Bizarre: What is the Dada Movement in Art

Grand opening of the first Dada exhibition: International Dada Fair, Berlin, 5 June 1920. The central figure hanging from the ceiling was an effigy of a German officer with a pig's head. From left to right: Raoul Hausmann, Hannah Höch (sitting), Otto Burchard, Johannes Baader, Wieland Herzfelde, Margarete Herzfelde, Dr. Oz (Otto Schmalhausen), George Grosz and John Heartfield.

Dada was an elegant and literary movement that began in Europe when World War I was going on. Because of the war, many artists, scholars, and writers, especially those from France and Germany, moved to Switzerland, which was a neutral country. Instead of being happy that they had escaped, the artists, intellectuals, and writers were enraged with modern society. So, they decided to exhibit their demonstration through an artistic medium. They chose to create non-art since art in society anyway had no meaning.

The so-called non-artists turned to design art that had soft curses, dispersed humor, evident puns, and everyday objects. The most notorious painting was created by Marcel Duchamp when he painted a beard on a copy of Mona Lisa and scrawled obscenities under it. He also created his sculpture called Fountain, which was a urinal without the plumbing and it had a fake signature.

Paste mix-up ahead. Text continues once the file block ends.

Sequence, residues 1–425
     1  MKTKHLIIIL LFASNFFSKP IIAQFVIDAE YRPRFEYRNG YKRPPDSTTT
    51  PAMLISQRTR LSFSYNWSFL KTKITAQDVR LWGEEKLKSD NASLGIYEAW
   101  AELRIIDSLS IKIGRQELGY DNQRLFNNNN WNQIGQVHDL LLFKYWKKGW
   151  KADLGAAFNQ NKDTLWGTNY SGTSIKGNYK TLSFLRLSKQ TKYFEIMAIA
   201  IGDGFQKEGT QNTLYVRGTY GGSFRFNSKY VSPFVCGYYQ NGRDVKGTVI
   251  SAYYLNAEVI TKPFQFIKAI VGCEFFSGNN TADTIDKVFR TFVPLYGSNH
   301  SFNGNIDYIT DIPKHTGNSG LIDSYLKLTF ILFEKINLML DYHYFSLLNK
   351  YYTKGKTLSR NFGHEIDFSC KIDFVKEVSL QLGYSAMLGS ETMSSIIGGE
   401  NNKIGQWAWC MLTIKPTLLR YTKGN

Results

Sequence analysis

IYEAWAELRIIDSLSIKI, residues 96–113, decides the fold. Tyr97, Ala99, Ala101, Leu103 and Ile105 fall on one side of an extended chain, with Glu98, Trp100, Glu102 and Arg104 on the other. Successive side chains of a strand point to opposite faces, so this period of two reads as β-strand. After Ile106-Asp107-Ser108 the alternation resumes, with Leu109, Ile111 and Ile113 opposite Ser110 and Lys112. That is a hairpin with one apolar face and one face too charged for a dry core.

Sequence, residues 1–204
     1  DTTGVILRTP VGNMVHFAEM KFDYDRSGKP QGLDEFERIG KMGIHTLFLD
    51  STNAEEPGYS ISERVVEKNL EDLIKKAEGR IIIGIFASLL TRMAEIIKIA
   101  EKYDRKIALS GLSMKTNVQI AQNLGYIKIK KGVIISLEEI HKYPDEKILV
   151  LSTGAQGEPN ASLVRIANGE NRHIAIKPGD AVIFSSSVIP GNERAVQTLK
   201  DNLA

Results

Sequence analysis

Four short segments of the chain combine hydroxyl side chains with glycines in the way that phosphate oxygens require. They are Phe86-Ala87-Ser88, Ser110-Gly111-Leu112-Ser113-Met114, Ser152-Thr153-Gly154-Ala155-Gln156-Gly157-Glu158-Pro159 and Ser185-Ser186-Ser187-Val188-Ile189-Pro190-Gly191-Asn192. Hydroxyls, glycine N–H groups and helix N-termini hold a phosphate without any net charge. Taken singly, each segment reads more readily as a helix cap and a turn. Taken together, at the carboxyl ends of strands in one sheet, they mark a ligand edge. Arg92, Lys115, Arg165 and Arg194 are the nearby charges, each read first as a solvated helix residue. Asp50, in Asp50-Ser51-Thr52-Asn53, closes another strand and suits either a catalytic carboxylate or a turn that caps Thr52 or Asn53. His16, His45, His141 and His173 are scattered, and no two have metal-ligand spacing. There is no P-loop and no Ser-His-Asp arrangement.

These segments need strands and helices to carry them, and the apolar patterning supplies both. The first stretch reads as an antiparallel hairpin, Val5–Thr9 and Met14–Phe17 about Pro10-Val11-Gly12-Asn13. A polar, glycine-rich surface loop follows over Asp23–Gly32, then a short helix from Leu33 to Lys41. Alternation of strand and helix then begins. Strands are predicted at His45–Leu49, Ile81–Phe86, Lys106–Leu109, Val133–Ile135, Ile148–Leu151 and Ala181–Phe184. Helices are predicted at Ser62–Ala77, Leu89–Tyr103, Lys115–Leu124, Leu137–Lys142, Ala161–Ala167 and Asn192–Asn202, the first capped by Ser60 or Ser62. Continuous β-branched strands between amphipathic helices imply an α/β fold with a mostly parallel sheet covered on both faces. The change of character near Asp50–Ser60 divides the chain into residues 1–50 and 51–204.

The public was repulsed by the Dada movement. However, the Dadaists found this approach inspiring. And, gradually the movement spread from Zurich to other parts of Europe and New York City. Just as many mainstream artists were thinking about this movement seriously, the Dada movement dissolved around the early 1920s.

This art movement was a demonstration, but at the same time, it managed to be agreeable and engaging. It was sarcastic, colorful, quirky, silly, and sometimes immature. If a person at that time had not been conscious of the logic behind the movement, he or she would have been querying what the artist was up to creating pieces like the ones that were created. However, the artist who created the Dada art was very severe about his work. The movement did not favor one medium over another. It used everything from glass to plaster to geometric tapestries to wooden reliefs. Besides, the movement was also responsible for directing many biases in the field of visual art, the most well-known being Surrealism.

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